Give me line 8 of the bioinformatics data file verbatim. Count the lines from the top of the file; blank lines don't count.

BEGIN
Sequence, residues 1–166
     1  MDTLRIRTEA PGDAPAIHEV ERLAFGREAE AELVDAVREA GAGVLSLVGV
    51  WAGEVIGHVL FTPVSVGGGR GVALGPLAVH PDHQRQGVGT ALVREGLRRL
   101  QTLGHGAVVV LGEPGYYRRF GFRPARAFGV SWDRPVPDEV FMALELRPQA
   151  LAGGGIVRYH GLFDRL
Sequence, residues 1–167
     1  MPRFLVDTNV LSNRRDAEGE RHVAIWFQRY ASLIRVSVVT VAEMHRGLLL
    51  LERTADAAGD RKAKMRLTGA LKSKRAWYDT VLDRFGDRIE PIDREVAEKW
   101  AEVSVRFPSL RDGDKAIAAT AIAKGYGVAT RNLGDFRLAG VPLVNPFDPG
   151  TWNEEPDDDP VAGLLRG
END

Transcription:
    51  LERTADAAGD RKAKMRLTGA LKSKRAWYDT VLDRFGDRIE PIDREVAEKW